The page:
After the party, I got good reports of Jim's visit. Billy said that Jim had stopped in to see him, they'd chatted amiably awhile, and then Billy got back to clack-clack. All very pleasant, he said.
There had been very little opportunity for the Doors' audiences to hear the new material live, as it had only been performed in concert twice. After Miami, their entire concert schedule was scrapped. Promoters were cautiously booking them by the end of the year, and their second concert in New Orleans in December 1970 marked the end of the Doors. Jim appeared to suffer some sort of breakdown, picking up the microphone stand and pounding it repeatedly into the stage floor, before sitting down and refusing to continue the show. Whatever wild spirit had possessed Jim Morrison, it fled that night into the bayou darkness and was gone forever. Jim got stupendously drunk after the show. There were no more concerts from then on.
Love Her Madly was picked as the first single from the album, wisely so as it mirrored the poppy sound of the Doors, and written by Robby Krieger, who had also come up with Light My Fire, at the beginning of the Doors' career.
Although Love Her Madly did well at AM radio, and the music community in general didn't seem phased by Jim's departure for Paris, which was treated in a low-key way, i.e. going on a sabbatical, etc., it was San Francisco, specifically KSAN-FM, who picked the next single - Riders On The Storm. The jocks had taken to playing the long version and the phones began ringing off the hook. Our local promotion guy in San Francisco, Jeff Trager, was adamant that this should be the next single, called everyone at Elektra who could make such decisions. The long instrumental was edited to a more manageable 4 minutes or so and it was released.
Word from Paris was non-existent, in itself a good thing. One always assumes that no news is good news. I saw plenty of Bill Siddons, who was constantly checking on the progress of the album. I don't know that I even asked him how Jim was, and he didn't say. I think we all wished that he was finding the happiness that seemed to always elude him, and that things would turn out all right in the end, but of course that wasn't to be.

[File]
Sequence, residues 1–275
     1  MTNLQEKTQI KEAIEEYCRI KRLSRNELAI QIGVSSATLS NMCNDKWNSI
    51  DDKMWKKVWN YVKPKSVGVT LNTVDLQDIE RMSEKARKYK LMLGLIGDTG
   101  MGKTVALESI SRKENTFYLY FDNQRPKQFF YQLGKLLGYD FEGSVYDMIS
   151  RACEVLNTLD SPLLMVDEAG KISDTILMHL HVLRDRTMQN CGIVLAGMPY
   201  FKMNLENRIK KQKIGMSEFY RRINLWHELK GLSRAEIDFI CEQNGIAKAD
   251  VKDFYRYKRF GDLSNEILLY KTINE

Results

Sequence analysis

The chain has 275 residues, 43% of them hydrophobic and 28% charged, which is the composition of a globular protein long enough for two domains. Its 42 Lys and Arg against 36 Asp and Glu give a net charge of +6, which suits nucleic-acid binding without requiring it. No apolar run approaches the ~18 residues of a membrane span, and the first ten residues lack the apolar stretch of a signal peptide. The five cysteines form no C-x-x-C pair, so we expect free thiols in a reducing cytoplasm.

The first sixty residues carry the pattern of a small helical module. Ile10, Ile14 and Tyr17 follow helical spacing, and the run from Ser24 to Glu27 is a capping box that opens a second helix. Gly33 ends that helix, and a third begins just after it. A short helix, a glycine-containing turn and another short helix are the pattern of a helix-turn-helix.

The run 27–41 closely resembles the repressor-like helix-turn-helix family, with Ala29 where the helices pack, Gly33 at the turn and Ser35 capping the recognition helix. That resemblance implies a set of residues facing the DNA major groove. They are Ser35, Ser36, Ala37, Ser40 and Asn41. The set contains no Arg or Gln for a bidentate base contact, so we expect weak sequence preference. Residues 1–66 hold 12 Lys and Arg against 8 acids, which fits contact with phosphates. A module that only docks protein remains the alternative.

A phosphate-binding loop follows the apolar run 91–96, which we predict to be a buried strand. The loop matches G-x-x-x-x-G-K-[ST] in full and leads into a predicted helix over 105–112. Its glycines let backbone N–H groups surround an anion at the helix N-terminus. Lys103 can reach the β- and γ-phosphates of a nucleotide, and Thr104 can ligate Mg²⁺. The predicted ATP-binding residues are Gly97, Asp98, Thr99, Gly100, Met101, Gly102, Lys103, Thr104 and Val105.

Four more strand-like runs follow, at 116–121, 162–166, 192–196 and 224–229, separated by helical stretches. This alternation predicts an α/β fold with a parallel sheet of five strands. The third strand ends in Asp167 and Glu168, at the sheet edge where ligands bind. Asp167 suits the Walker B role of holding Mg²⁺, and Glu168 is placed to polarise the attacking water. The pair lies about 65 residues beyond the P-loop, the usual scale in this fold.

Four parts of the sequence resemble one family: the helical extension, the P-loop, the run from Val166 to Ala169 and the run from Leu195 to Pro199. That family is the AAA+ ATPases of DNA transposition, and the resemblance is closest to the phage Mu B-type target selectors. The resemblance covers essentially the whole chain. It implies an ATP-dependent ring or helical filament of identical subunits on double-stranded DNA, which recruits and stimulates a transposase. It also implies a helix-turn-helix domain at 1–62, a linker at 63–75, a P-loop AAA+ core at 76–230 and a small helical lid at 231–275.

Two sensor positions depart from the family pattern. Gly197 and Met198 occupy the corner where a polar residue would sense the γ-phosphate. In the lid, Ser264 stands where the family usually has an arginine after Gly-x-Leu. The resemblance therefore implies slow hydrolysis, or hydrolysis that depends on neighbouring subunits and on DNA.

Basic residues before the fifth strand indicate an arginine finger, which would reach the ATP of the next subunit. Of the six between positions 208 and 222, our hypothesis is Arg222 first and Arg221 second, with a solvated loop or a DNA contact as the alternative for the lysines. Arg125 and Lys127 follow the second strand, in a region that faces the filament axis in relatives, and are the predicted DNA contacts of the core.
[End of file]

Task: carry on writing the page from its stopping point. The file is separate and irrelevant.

However, if I hadn't heard one more time from Jim, I would've ended all this at Part Five.
Fast forward to the July 4 weekend, which fell on a Sunday that year, 1971. Accordingly, we got the Monday off and the office was closed until Tuesday, July 6. I was one of the first there that morning. The office I shared also housed the TWX machine, which we used to communicate various Elektra offices, also WEA, and anyone else we did business with who owned one. A precursor to email, this rattling, chattering beast of a machine was used to type short messages and receive same, sometimes in real time, so you could communicate with the operator at the other end. When unattended, it spat out telegram-type missives, in duplicate. Because it was an expensive thing to use, one tended to keep things pretty short and to the point. I was used to coming in in the morning and finding various advisories which had to be distributed to the intended recipients.
I noticed something had come in over the weekend, which was unusual, considering it was a national holiday. A brief two lines, "Regret to inform that Jim Morrison died July 3 in Paris. (signed) Bill Siddons." It appeared to originate from Clive Selwood at our London office.
And that was that. Last word from Jim.
I took the telex and went out into the hall, where I encountered Russ Miller, head of West Coast operations at that time, opening his office door. I handed him the telex without a word. Besides saying something along the lines of "oh, shit!" Russ told me to keep it quiet as far as any announcements to outside sources and that he would contact Jac immediately. In the distance, I could hear the phone ringing at my desk, and noticed that the switchboard was open. One ringy-dingy, two ringy-dingy --- . Send not to know for whom the bell tolls, it tolls for thee.
I believe what ultimately destroyed Jim was fame and his own demons. He had everything it took to succeed, smart, beautiful, talented. He dared the hot spotlight that annihilates every fascinated moth. But, the question remains, is it better to burn out or to escape into the safe cool darkness to regret what might have been?